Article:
June 7th, 2010

The Girl With The Dragon Tattoo

Yes, I know all you cool kids read this book a couple years ago, but I just heard about it when the International Herald Tribune did a review of the third book in the trilogy last week and since the English language bookshop in town doesn't really understand English books enough to recommend books to anyone it was the first I'd heard of it.

Anyway, like whoa, is this book amazing. If, like me, you are just hearing about it now, do yourself a favor and go out and buy it. I did all 600 plus pages in two days because it's just impossible to put down.

The main "trick" of The Girl With The Dragon Tattoo is that is easily demonstrates what's wrong with the Scarpetta/Karen Slaughter/Kathy Reichs/Dan Brown fiction that dominates the genre today:

You need to keep it simple.

The current trend is to make the central puzzle really complicated. The Girl With The Dragon Tattoo throws that out the window. The central puzzle is an old fashioned Agatha Christie locked room mystery.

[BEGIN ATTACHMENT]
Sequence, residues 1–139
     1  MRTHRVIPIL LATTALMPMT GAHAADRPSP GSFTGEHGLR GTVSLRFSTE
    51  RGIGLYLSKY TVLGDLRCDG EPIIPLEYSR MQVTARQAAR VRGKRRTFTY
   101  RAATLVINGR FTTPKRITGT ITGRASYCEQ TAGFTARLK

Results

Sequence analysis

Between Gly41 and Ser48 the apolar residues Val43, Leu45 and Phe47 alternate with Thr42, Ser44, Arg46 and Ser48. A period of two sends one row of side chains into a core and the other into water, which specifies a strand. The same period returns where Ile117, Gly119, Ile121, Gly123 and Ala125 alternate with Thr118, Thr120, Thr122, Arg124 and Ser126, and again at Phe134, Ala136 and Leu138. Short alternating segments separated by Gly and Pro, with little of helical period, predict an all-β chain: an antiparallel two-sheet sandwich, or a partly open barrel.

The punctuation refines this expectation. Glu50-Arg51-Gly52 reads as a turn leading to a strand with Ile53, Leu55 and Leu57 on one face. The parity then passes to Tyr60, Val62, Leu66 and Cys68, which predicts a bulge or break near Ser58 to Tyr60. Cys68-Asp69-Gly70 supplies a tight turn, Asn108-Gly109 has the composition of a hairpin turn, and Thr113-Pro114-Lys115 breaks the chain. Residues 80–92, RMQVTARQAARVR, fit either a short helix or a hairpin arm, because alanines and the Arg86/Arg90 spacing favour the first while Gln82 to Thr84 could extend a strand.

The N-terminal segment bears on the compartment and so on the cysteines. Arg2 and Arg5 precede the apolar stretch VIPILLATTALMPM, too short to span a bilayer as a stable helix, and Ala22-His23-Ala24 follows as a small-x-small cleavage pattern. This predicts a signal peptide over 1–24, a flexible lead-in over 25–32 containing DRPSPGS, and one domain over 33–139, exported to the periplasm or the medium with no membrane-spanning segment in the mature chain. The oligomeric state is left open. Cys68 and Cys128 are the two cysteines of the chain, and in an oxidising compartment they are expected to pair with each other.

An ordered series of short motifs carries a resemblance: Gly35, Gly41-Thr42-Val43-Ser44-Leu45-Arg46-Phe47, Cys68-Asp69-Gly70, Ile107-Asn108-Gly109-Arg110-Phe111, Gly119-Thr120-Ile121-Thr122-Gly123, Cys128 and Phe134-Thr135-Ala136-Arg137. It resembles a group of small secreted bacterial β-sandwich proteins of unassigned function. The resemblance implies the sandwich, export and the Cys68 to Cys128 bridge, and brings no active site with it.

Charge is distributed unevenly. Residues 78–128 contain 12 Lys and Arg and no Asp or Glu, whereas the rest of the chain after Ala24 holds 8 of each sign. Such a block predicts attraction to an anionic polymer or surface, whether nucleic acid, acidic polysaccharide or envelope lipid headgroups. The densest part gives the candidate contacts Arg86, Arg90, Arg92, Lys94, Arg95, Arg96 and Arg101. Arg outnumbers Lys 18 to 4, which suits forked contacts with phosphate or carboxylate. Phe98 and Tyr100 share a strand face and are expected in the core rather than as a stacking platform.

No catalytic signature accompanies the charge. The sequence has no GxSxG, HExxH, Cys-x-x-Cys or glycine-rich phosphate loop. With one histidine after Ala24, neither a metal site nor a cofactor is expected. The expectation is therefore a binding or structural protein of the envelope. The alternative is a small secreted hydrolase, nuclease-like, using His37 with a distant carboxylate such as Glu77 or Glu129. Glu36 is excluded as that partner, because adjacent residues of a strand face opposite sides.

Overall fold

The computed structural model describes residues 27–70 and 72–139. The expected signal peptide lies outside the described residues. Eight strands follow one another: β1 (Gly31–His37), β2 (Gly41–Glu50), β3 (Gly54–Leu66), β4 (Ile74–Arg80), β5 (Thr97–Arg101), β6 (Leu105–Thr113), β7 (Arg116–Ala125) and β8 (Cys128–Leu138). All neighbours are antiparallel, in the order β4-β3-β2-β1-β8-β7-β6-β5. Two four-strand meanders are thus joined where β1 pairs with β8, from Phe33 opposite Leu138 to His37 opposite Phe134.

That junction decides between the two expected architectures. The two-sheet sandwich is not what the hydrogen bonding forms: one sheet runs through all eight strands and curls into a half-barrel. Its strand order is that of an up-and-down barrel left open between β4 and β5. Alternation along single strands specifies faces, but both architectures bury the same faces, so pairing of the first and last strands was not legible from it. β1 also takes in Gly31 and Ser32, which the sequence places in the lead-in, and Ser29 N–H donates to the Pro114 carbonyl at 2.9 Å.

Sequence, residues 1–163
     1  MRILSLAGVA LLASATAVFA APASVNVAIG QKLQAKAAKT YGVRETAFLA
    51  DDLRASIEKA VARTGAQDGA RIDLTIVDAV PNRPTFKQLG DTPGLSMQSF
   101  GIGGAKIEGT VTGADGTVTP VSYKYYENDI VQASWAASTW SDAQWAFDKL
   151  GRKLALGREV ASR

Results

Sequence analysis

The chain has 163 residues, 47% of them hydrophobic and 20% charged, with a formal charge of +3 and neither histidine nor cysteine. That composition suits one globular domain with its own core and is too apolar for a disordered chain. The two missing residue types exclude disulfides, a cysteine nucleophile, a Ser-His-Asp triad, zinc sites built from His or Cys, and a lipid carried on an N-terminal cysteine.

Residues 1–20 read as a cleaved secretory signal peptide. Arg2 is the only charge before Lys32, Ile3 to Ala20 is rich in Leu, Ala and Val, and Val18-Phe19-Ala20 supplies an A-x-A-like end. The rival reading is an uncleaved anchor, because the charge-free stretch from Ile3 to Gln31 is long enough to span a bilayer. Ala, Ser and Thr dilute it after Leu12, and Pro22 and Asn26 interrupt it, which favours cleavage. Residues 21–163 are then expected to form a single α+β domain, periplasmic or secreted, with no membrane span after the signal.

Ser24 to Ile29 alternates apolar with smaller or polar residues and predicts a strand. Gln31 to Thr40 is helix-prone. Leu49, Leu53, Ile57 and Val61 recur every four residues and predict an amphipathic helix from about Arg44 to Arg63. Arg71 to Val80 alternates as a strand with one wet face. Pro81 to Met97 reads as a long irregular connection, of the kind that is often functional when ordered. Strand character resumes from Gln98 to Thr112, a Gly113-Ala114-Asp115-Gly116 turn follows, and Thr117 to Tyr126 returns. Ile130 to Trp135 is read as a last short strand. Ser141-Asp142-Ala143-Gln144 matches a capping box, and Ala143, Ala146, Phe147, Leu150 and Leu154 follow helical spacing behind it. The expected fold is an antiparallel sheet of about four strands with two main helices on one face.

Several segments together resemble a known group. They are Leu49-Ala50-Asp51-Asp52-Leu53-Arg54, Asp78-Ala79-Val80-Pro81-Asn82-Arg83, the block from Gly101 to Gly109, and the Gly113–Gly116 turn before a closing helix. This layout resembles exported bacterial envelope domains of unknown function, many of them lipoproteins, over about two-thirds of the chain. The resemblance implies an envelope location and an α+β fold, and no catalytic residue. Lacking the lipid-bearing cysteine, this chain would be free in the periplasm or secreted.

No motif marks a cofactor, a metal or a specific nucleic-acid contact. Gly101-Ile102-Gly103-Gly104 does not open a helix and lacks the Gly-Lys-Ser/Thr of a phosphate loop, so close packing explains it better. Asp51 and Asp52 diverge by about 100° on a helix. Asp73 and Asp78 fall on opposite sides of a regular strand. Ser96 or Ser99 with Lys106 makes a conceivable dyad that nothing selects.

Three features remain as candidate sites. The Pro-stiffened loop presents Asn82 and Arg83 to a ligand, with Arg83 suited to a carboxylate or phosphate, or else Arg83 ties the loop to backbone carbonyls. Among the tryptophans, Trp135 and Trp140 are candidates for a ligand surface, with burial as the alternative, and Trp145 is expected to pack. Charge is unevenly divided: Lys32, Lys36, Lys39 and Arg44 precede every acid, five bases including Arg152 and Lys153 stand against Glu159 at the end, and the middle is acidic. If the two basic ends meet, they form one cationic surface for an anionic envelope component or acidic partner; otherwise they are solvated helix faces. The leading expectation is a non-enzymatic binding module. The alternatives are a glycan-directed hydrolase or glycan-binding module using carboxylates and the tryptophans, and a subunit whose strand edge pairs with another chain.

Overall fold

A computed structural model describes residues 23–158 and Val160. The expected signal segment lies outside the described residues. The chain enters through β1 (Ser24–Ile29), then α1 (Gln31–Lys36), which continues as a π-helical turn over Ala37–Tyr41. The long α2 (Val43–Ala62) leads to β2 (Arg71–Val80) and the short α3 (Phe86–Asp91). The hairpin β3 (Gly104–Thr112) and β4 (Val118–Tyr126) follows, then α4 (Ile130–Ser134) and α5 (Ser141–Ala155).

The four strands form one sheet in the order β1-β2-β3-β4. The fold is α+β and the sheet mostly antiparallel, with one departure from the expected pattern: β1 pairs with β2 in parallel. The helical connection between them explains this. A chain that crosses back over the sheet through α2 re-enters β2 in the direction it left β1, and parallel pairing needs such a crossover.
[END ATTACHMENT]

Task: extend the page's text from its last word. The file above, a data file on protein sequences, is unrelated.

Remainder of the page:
During a 12 hour period when it's impossible to leave a small island a 16 year old girl disappears. What could possibly have happened to her?

Because the question is so basic it frees the writer to explore the characters and string out the clues step by step in a rational order. And, as one character remarks early on "when you figure it out it will probably be something obvious."

As it goes on you start to realize how empty all of Dan Brown's riddles and games are and how empty many of the popular crime heroes have become.

The other good thing is that the two main "detectives" are flawed, realistic human beings. They aren't like Lucy Scarpetta who is a fucking ninja superhero. They have reasonable skills, make mistakes and figure things out the way a normal person would - which makes it much easier to identify with them.

Finally, there is the world they inhabit. It's dark and cold and treacherous with a constant sense of doom around the corner.

All in all a masterpiece - and I just hope the next two books keep it up and don't fall apart at the seams.